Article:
By State Representative, Leon D. Young
What is the Republican obsession with block grant funding? For those who may be unfamiliar or unclear with the term, a block grant is a large sum of money given to state and local authorities by the federal government for general purposes, such as transportation, law enforcement or community development.
Like most things in life, there are advantages, as well as disadvantages, to utilizing block grant appropriations. Republicans are always quick to make the case that block grant funding gives states the incentive to seek out and eliminate fraud, waste and abuse to preserve precious fiscal resources. However, detractors argue that block grants lead to less funding over time. Hence, more people in need of vital services are left out in the cold.
It’s no wonder that block granting Medicaid, the nation’s health insurance program for the poor, was a centerpiece of the health proposals offered last month by the president and House Speaker Paul Ryan in their unsuccessful attempt to repeal the Affordable Care Act. Moreover, Trump advisers have emphasized that this strategy is key to the administration’s health policy and reducing health care costs.
Make no mistake, the block grant system is a radical shift from how Medicaid has worked previously. Republicans say it could save the government billions of dollars. But other analysts note those savings could limit access to health care if the funding becomes squeezed. Thanks to the 2010 health law, which led states to expand Medicaid eligibility, more people would face the brunt of those cuts.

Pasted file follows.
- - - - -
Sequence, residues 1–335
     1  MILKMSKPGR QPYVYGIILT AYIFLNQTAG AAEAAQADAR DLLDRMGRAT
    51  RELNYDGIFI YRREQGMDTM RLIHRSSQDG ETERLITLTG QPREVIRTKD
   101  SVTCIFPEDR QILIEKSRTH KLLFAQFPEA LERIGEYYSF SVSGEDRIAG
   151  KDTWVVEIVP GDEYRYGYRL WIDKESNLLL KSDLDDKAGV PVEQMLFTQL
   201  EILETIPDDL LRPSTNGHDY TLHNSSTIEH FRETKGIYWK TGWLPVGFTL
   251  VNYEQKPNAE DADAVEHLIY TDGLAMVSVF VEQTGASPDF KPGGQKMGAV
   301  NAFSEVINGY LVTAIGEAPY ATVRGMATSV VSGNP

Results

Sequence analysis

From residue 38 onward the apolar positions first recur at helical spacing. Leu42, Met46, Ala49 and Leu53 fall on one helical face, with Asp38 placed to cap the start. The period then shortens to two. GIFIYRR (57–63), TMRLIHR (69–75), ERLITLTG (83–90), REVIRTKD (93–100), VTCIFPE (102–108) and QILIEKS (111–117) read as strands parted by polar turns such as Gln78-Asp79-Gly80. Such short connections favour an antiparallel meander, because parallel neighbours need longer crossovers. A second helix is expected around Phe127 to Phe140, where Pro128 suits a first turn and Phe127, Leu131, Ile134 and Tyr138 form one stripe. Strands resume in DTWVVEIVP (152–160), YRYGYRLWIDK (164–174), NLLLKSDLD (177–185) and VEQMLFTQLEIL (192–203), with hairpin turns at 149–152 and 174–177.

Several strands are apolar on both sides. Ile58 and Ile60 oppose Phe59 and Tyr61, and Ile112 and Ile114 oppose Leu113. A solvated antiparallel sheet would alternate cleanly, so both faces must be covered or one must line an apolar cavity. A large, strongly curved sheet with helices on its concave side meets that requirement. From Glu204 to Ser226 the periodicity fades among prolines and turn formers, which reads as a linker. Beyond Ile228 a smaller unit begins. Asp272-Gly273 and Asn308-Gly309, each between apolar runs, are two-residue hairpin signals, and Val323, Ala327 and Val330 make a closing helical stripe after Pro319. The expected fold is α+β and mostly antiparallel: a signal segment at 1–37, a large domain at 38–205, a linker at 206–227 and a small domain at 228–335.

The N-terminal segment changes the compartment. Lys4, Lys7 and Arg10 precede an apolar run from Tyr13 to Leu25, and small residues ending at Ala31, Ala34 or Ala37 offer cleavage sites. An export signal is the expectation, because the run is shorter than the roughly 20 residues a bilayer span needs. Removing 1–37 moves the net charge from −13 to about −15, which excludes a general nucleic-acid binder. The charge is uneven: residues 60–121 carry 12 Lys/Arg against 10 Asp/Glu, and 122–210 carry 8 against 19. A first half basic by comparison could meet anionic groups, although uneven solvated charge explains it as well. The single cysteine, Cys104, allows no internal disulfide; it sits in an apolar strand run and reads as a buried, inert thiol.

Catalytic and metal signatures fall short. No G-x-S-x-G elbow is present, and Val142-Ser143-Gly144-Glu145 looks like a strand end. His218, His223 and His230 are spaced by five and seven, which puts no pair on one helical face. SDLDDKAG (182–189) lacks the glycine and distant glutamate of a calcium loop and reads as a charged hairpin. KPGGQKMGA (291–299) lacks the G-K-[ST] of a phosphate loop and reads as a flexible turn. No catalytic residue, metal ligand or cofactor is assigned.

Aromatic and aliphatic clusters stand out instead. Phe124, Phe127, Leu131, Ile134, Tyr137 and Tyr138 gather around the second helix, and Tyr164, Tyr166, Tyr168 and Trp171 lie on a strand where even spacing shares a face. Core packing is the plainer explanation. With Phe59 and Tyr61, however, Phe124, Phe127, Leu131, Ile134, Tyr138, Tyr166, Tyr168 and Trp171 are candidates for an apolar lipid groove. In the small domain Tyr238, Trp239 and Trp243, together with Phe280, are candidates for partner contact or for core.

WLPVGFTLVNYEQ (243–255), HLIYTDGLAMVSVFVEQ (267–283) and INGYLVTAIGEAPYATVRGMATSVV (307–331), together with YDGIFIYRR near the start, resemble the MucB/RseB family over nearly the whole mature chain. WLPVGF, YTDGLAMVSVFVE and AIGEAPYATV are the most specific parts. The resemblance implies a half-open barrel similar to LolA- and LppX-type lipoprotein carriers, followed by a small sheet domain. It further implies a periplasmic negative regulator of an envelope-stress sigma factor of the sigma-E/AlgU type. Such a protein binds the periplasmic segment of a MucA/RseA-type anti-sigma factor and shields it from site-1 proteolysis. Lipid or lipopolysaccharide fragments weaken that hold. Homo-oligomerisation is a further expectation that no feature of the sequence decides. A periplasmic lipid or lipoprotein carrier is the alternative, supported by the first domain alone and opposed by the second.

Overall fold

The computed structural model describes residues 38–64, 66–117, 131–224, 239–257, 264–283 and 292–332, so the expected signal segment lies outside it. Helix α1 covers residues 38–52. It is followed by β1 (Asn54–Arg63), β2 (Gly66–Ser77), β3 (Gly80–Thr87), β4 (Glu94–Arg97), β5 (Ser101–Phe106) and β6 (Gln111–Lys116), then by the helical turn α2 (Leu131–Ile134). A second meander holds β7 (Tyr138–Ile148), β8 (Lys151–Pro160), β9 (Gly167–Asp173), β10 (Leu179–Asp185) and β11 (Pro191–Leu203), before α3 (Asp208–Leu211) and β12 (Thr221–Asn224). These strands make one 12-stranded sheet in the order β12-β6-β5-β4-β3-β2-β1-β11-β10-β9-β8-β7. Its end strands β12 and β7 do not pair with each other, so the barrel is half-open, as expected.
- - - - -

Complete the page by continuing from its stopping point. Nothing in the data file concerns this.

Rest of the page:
The fiscal impact: The non-partisan Congressional Budget Office estimates recent Republican block grant proposals could cut Medicaid spending by as much as a third over the next decade. The cuts would start small, growing larger over the years.
Block grants give Republicans the unfettered flexibility to decide which programs will receive funding; and the freedom to determine who qualifies, and for what services. Moreover, it’s important to note that block grants are an old GOP strategy. How old you ask? This political ploy dates back at least until the 1980s. President Ronald Reagan pushed Medicaid block grants in 1981, House Speaker Newt Gingrich in 1995 and President George W. Bush in 2003.
From the GOP’s perspective, block grant funding, in essence, is the best of both worlds. It provides recipients with a hefty sum of money; with only general provisions as to the way it is to be spent. And, one might argue that block grants are really the GOP’s Trojan horse in terms of fiscal expenditures.